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PHP - MongoDB Advanced Queries

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MongoDB offers a rich query environment with lots of features. This page lists some of those features.


Conditional Operators

<, <=, >, >=

Use these special forms for greater than and less than comparisons in queries, since they have to be represented in the query document:

Less than ...

$collection->find([
    'size' => ['$lt' => 13]
]);

Less than or equal to ...

$collection->find([
    'size' => ['$lte' => 13]
]);

Greater than ...

$collection->find([
    'size' => ['$gt' => 13]
]);

Greater than or equal to ...

$collection->find([
    'size' => ['$gte' => 13]
]);

$all

The $all operator is similar to $in, but instead of matching any value in the specified array all values in the array must be matched.

$collection->find([
    'size' => ['$all' => [1, 2, 3]]
]);

$exists

Check for existence (or lack thereof) of a field.

$collection->find([
    'size' => ['$exists' => TRUE]
]);

$mod

The $mod operator allows you to do fast modulo queries to replace a common case for where clauses.

$collection->find([
    'size' => ['$mod' => [2, 0]]
]);

$collection->find([
    'size' => ['$mod' => [2, 1]]
]);

$ne

Use $ne for not equals.

$collection->find([
    'size' => ['$ne' => 13]
]);

$in

The $in operator is analogous to the SQL IN modifier, allowing you to specify an array of possible matches.

$collection->find([
    'size' => ['$in' => [1, 2, 3]]
]);

$nin

The $nin operator is similar to $in except that it selects objects for which the specified field does not have any value in the specified array.

$collection->find([
    'size' => ['$nin' => [1, 2, 3]]
]);

$or

The $or operator lets you use boolean or in a query. You give $or an array of expressions, any of which can satisfy the query.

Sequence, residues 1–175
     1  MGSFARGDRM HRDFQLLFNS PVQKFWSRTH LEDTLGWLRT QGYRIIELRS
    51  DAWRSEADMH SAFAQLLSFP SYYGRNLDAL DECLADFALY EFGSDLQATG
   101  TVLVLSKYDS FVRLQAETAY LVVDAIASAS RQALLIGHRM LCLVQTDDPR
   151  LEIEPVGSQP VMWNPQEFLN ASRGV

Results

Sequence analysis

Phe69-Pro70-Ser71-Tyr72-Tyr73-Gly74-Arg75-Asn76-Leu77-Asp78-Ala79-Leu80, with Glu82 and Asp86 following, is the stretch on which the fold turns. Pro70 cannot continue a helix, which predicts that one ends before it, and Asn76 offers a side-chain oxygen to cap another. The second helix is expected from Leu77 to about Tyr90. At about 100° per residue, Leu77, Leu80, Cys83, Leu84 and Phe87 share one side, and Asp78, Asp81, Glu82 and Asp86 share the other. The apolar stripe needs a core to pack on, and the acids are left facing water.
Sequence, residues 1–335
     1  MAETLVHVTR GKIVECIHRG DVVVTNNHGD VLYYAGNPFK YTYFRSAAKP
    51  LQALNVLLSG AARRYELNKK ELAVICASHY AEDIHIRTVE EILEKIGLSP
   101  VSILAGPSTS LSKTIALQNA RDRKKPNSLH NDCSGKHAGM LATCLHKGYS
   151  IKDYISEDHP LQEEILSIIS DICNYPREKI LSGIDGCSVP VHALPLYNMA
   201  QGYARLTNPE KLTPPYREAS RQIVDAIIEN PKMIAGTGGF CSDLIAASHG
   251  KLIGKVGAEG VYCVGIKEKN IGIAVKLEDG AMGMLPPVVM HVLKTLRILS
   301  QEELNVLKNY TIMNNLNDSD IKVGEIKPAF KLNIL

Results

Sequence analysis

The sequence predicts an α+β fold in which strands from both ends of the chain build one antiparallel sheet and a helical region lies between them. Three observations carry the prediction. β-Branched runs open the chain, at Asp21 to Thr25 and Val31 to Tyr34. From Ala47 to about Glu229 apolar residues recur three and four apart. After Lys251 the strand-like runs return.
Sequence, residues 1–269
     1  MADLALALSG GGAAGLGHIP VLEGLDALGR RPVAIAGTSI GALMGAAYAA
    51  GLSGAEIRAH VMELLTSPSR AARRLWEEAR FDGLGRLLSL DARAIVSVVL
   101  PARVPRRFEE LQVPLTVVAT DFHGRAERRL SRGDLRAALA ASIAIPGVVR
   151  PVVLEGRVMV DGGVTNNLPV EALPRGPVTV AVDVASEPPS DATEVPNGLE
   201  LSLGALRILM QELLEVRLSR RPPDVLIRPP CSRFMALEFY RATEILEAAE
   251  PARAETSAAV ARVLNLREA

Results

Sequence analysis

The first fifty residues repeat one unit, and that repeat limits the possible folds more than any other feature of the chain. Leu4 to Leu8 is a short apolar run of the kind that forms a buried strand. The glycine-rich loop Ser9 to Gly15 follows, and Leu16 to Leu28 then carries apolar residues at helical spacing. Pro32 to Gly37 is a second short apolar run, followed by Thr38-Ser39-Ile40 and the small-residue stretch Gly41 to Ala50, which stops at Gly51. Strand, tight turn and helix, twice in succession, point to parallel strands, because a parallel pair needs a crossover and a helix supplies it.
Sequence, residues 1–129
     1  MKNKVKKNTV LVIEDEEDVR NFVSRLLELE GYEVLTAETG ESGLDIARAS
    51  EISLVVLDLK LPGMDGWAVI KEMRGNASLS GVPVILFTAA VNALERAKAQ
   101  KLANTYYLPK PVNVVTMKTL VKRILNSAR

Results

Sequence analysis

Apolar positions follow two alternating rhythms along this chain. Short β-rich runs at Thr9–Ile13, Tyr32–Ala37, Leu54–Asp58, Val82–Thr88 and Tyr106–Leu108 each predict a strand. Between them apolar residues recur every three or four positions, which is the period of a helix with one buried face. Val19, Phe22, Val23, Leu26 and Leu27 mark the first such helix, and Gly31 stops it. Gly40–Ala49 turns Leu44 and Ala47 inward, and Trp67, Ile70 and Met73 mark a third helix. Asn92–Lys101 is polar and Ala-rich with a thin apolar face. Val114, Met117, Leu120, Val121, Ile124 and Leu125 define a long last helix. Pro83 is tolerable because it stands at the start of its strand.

$collection->find([
    '$or' => [
        ['username' => 'kristories'],
        ['email'    => 'w.kristories@gmail.com']
    ]
]);

$and

The $and operator lets you use boolean and in a query. You give $and an array of expressions, all of which must match to satisfy the query.

$collection->find([
    '$and' => [
        ['username' => 'kristories'],
        ['email'    => 'w.kristories@gmail.com']
    ]
]);

$size

The $size operator matches any array with the specified number of elements.

$collection->find([
    'size' => ['$size' => 2]
]);

$type

The $type operator matches values based on their BSON type.

$collection->find([
    'size' => ['$type' => 16]
]);

Possible types are:

Type Name                   Type Number
Double                      1
String                      2
Object                      3
Array                       4
Binary data                 5
Object id                   7
Boolean                     8
Date                        9
Null                        10
Regular expression          11
JavaScript code             13
Symbol                      14
JavaScript code with scope  15
32-bit integer              16
Timestamp                   17
64-bit integer              18
Min key                     255*
Max key                     127

For more information on types and BSON in general, see http://www.bsonspec.org.


Cursor Methods

count()

The count() method returns the number of objects matching the query specified.

$cursor->count();

# count(TRUE)
# Send cursor limit and skip information to the count

$cursor->count(TRUE);

limit()

limit() is analogous to the LIMIT statement in MySQL - it specifies a maximum number of results to return.

$cursor->limit(10);

skip()

The skip() expression allows one to specify at which object the database should begin returning results. This is often useful for implementing paging.

$cursor->skip(10);

sort()

sort() is analogous to the ORDER BY statement in SQL - it requests that items be returned in a particular order.

# 1 for ascending sort, or -1 for descending sort.
$cursor->sort(['field' => 1]);

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